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    ABSTRACT: Delusional infestation or delusional parasitosis is a form of monodelusional disorder, a condition sometimes encountered in psychiatric or primary care practice. The outcome of this condition is good when compliance can be ensured. In the present study, a series of 50 consecutive cases of delusional infestation is reported. A majority of cases (94%) had insidious onset. The duration of symptoms in all but 3 cases was 6 months or more. Twenty-eight cases presented with a delusion of infestation by insects over the body and 20 cases with a delusion of insects crawling over the scalp. Two cases had associated diabetes mellitus, 3 cases had leprosy, 2 cases had dementia, 5 cases had depression, and 4 cases presented with trichotillomania. Among the second generation antipsychotics, risperidone was used in 12 cases, olanzapine in 9 cases, amisulpride in 7 cases, etc. Thirty-four cases (68%) showed complete remission while receiving pharmacotherapy, 13 cases showed partial improvement, and 3 cases did not respond to treatment. The study demonstrates the utility of second generation antipsychotics in the treatment of this disorder. Further studies are warranted to study the treatment and outcome of this important psychiatric disorder.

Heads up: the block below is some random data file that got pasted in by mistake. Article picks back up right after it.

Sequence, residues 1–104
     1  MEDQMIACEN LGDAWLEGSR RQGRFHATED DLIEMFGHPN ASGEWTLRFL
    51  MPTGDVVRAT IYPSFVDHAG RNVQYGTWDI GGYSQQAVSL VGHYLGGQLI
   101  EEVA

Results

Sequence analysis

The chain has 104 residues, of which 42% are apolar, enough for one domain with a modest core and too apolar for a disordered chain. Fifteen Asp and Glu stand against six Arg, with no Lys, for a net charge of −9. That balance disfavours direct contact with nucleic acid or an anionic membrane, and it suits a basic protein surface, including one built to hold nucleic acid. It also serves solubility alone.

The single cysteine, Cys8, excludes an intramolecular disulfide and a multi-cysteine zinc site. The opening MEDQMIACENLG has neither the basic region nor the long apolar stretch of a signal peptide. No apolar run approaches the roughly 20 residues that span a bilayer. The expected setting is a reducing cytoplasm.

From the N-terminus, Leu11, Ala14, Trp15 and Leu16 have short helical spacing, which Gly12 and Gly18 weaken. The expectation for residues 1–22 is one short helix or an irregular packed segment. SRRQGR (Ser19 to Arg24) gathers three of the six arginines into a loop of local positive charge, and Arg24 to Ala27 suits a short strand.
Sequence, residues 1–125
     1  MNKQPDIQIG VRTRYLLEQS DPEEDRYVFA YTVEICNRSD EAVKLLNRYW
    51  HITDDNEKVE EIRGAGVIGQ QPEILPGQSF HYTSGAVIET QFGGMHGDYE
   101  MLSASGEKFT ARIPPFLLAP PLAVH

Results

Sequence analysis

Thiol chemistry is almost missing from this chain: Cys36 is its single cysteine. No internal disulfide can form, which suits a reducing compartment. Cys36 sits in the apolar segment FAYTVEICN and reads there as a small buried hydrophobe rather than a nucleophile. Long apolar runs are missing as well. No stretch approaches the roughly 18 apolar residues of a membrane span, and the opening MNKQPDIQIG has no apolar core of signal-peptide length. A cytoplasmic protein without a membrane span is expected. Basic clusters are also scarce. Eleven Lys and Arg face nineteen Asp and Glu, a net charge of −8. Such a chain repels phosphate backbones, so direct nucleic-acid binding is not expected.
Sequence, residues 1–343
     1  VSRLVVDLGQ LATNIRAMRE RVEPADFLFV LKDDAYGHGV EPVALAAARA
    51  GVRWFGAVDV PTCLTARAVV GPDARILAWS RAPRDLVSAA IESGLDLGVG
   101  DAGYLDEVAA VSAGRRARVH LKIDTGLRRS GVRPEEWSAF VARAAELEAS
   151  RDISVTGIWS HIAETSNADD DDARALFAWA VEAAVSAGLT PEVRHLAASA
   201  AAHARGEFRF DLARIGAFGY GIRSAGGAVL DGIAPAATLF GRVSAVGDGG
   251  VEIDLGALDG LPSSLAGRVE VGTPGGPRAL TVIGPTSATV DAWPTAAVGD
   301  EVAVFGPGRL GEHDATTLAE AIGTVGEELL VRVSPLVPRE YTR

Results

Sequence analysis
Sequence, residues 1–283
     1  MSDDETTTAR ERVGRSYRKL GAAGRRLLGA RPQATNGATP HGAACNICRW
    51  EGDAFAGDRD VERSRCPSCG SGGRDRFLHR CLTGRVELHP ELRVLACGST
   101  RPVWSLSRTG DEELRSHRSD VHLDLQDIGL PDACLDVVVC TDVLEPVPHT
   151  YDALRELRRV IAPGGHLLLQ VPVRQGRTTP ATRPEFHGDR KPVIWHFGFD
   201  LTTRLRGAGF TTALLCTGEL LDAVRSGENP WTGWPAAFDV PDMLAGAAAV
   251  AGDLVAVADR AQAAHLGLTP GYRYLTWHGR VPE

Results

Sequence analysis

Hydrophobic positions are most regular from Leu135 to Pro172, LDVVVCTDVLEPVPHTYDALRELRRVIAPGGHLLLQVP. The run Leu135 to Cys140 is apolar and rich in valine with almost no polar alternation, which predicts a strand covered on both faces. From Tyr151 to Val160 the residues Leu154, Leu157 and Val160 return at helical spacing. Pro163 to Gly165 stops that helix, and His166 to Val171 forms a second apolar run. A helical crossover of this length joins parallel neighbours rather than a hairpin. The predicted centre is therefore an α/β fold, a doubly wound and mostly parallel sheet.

04/2013; 6(2):124-7. DOI:10.1016/j.ajp.2012.09.008
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    ABSTRACT: The pathophysiology and appropriate pharmacological interventions for delusional infestation remain unknown. Here, we report a case of primary delusional infestation successfully treated with aripiprazole. We performed functional magnetic resonance imaging (fMRI) to investigate brain structures and functional modifications. Before antipsychotic treatment, pre- versus post-treatment fMRI images revealed a marked increase in brain activation in the supplementary motor area (SMA). Our results highlight the efficacy and safety of aripiprazole in the treatment of delusional infestation and the possible role of SMA dysfunction in delusional infestation. Indeed, our results suggest that psychiatric improvement of delusional infestation is associated with normalization of brain activity, particularly in the SMA.
    Neuropsychiatric Disease and Treatment 01/2015; 11:257-61. DOI:10.2147/NDT.S74786 · 2.00 Impact Factor
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    Australian and New Zealand Journal of Psychiatry 02/2014; 48(7). DOI:10.1177/0004867414525849 · 3.77 Impact Factor